Merino Love

Merino Love

I’m utterly ecstatic to be offering you all hand-made Merino Wool Clothing. 🤗

For 3 years now, I’ve been making hoodies for myself, Pitkin, and close friends. We absolutely love them for any adventure we go on in the Mountains. I have been wanting to share them with you, but I could never find a sustainable source for the fabric. Just this year, I’ve found a reliable source for Wool and I am happy to be able to finally share my hoodies with you. Stay tuned for more Merino designs coming as well…

 

If you are unfamiliar with Merino Wool, and why it makes such a great layer for outdoor activities, then read on…

~Breathability:

Merino wool breathes and manages moisture better than any other fiber. For those unfamiliar, moisture wicking fabrics pull moisture away from your skin by absorbing it into the fibers. The moisture then moves through the fabric and evaporates through the exterior.

For the same reason merino wool keeps you comfortable by keeping you dry, it also encourages breathability. We’ve found the most breathable articles to be lightweight and thin, which makes sense because air can pass through easily, allowing the fabrics to dry out. 

Merino naturally helps regulate body temperature, therefore, just like hemp, its designed to keep you warm in the winter, and cool in the summer.

My favorite layering system in the mountains is my Trail-Breaker hoodie and a wind jacket - top notch layering system for any adventure.  

~Feel:

Merino turns the notion that wool is itchy and uncomfortable completely on its head. Merino fibers are much finer and softer than standard wool and easy to wear all day. A high-end merino shirt feels softer and lighter than cotton while outperforming it in warmth, moisture wicking, and temperature regulation. As a next to skin, merino wool is hard to beat.

One of the reasons that merino wool is so popular is its warmth relative to weight. The fabric has a natural loft that traps heat very efficiently between the fibers, making it warmer than a synthetic of the same weight. But it’s also good in the heat as merino regulates your body temperature really well. Arguably, it’s just as good of a summertime material as it is winter. My first choice for any active, outdoor activity is Merino Wool.  I particularly love it for trail running, hiking, alpine rock climbing & skiing, mountain biking, and yoga because of its comfort across a range of temperatures. Sleeping in your hoodie is the best as well. 🙃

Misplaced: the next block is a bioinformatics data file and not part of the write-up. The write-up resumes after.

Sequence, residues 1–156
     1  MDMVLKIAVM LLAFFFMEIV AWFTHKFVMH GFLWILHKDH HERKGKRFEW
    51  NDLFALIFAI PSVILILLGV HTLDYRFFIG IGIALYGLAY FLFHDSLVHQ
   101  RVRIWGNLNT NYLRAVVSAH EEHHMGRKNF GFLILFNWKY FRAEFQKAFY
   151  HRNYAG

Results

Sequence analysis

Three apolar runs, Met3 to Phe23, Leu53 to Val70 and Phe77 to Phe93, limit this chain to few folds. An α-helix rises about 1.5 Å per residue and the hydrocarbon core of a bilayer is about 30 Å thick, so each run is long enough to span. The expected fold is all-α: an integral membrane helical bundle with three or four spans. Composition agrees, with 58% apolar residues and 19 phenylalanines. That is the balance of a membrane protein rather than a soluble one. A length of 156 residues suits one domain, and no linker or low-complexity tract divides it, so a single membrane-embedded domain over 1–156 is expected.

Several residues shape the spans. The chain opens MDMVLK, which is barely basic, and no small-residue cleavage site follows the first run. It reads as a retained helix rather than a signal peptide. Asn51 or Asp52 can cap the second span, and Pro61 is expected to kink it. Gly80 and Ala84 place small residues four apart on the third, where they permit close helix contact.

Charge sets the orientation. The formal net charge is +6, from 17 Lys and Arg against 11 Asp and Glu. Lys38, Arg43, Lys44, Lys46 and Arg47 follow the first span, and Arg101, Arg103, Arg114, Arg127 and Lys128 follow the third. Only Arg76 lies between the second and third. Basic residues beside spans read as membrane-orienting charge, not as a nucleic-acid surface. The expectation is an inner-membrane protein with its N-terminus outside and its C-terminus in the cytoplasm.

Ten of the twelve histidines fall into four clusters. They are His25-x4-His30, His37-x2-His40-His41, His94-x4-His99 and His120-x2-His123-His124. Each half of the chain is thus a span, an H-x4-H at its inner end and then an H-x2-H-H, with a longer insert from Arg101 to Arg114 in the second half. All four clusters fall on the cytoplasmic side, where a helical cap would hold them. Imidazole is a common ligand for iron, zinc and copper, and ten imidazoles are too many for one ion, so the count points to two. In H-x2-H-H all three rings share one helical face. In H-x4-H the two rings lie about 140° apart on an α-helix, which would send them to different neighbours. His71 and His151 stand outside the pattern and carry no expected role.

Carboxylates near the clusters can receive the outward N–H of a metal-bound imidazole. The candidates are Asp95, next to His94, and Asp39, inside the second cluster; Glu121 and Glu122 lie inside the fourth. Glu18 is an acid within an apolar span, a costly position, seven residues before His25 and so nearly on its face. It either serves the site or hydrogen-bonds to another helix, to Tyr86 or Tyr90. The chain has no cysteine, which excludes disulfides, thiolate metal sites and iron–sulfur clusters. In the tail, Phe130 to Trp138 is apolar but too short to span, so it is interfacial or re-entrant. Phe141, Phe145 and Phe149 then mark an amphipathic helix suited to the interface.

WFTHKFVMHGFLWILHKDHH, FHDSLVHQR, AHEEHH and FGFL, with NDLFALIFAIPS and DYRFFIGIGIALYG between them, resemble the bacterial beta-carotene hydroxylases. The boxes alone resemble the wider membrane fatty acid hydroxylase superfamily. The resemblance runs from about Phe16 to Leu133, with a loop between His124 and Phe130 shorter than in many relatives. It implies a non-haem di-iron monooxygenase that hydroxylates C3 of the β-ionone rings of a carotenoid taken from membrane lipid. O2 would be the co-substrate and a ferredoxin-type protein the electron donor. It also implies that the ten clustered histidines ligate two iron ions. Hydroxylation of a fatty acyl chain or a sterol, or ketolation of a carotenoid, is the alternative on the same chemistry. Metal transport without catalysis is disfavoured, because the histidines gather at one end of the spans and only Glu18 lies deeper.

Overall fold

Another benefit is merino wool’s ability to insulate when wet. If you’re sweating heavily, the Trail-Breaker Hoodie (TBH) will still keep you warm and it dries quickly. If I sweated at all while breaking trail, I put on a layer over my TBH when it’s my turn to go to the back, and it’s dry by the time it’s my turn to break trail again.

~Odor Resistance:

Are you sick of wearing synthetic, activewear clothing that smells horrible after one use? I know I was.

Like Hemp, Wool is a porous fiber and breathes extremely well.

Because of wool’s ability to effectively manage moisture; Odor-causing bacteria don’t have the moist environment they need to thrive. Merino’s ability to absorb moisture without creating an environment to grow smelly bacteria is one of its “miracles.” 

Merino Wool is a great choice for traveling in environments where laundry is a hard to a find option. It’s also great for multi-day adventures, as your body odor does not absorb into the fiber as well.